Chemical Security Remains an Unaddressed Problem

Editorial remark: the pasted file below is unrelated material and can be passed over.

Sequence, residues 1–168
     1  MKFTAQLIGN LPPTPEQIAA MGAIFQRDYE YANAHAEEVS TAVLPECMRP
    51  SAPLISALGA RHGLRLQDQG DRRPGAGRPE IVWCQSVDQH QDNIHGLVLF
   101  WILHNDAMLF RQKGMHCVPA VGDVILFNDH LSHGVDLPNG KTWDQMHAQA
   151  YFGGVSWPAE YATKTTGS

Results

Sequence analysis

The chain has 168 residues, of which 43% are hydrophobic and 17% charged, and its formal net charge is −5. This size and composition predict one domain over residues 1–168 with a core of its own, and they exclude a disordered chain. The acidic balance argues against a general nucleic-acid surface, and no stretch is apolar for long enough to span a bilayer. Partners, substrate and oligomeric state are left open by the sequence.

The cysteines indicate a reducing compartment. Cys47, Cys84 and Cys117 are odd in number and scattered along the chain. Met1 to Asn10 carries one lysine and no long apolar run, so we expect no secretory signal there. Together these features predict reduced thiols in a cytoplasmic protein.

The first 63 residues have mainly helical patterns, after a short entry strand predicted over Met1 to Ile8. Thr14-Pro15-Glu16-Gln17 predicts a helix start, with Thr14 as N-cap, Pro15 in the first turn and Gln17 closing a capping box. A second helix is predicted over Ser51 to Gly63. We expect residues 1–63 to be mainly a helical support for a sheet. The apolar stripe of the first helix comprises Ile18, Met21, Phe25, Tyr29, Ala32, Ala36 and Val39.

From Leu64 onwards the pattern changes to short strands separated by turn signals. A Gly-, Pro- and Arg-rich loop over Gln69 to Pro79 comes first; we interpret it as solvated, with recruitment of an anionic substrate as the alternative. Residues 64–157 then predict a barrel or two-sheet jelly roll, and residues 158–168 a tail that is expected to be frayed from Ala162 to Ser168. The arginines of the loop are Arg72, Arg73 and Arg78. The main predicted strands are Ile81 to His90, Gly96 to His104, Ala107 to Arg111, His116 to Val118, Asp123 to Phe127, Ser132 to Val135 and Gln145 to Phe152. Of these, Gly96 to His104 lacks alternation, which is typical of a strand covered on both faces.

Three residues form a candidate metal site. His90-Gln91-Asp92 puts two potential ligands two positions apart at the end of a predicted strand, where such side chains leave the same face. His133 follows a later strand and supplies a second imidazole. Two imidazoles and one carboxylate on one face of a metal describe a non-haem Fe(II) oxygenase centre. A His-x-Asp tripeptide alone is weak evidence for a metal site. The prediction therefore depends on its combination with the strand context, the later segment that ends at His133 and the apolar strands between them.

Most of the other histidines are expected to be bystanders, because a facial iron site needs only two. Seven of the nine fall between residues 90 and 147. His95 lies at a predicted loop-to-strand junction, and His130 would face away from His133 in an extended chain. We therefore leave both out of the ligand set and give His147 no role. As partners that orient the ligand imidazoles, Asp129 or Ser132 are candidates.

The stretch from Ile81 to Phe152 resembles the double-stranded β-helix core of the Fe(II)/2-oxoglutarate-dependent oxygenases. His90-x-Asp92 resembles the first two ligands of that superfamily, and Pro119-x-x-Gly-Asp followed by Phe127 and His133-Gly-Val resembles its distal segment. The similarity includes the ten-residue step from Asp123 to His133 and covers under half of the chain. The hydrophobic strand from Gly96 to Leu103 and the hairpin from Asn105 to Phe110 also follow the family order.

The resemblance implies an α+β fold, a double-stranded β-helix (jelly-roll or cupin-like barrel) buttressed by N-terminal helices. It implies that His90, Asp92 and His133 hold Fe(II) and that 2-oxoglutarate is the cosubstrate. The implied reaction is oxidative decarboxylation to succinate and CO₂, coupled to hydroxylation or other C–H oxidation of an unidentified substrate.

An April 27 panel of government officials and security experts told the Senate Subcommittee on Homeland Security and Governmental Affairs that chemical security remains a looming problem that the federal government refuses to address. The same day the House Committee on Homeland Security proved that point by rejecting an amendment to improve security related to shipments of dangerous chemicals. Also the same day, President Bush called for development of new oil refineries on old military bases but did not address the existing gaps in chemical security. The Senate hearing addressed the fact that there are no federal regulations that require security measures at chemical facilities although numerous officials have noted the significant risk these facilities pose to national security. One panelist referred to these facilities as thousands of "weapons of mass destruction" around the country. While the panelists offered different recommendations on how best to structure a federal solution to the problem they all agreed that new federal laws are needed to address chemical security issues. Richard Falkenrath, a visiting fellow studying foreign policy for the Brookings Institution and a previous homeland security advisor to President Bush, told the committee that some the chemical industry's voluntary efforts "are good," but "I recommend federal regulations; no question." Sen. Jon Corzine (D-NJ), sponsor of chemical security legislation in the last Congress, also testified at the hearing and stressed the importance of congressional action on the issues. Corzine informed the committee that any chemical security legislation should include both improving plant perimeter security and reducing hazards in the facilities to minimize the impact of a successful attack. Corzine strongly recommended requiring facilities to consider safer chemicals and technologies. "Examination of alternative approaches should be required in legislation," Corzine testified, "not mandated, but legislation should make certain they've been examined." Sen. Susan Collins (R-ME), chairman of the committee, appeared convinced by the testimony that chemical security was an important issue that had gotten too little attention in the over three years since the 9/11 terrorist attacks. Collins stated, "I am inclined to believe we need strong federal legislation in this area, but legislation that does not put a significant burden on the chemical industry." Sen. Joseph Lieberman (D-CT), the ranking Democrat on the committee, agreed and predicted, "we're going to get something done to protect chemical facilities in this Congress." However, no chemical security legislation has been introduced in the Senate in the 109th Congress. At the same time, the House Committee on Homeland Security rejected an amendment to require rerouting of extremely hazardous materials around sensitive areas. Rep. Edward Markey (D-MA) submitted the amendment to the Homeland Security Authorization Act for Fiscal year 2006 (H.R. 1817). Markey noted that the administration has done nothing to address shipments of hazardous materials and proposed in the amendment a national plan to protect such shipments. Under the plan, rerouting would only have been required if the Department of Homeland Security had determined that a safer route was available. Markey originally introduced the plan as a stand-alone bill, the Extremely Hazardous Materials Transportation Security Act of 2005 (H.R. 4824), but then decided to attach the measure to the Homeland Security authorization bill. The amendment failed after receiving a 16-12 vote along party lines on April 27. The authorization bill now moves the House floor for debate. The provision was introduced, in part, to address the District of Columbia's recent struggle to improve safety by requiring hazardous shipments to be rerouted around the city. The provision has been challenged by both CSX, a rail transportation company, and the federal government. District Councilwoman Kathy Patterson (D), categorized the rejection of the Markey amendment as "a slap in the face to citizens who look to their federal government for protection from terrorist threats." Also on April 27, the president proposed building new oil refineries at closed military bases and jumpstarting construction of new nuclear power plants to address rising energy costs. He also proposed giving federal regulators the lead authority to decide where to locate terminals for processing imported natural gas. Liquefied natural gas terminals take compressed, supercold natural gas shipped from overseas and warm it into usable energy. Only four such terminals exist in the United States and authority for terminals currently resides with states. Despite these proposals that increase chemical risks, the president has yet to address the need to strengthen chemical security at plants and terminals.
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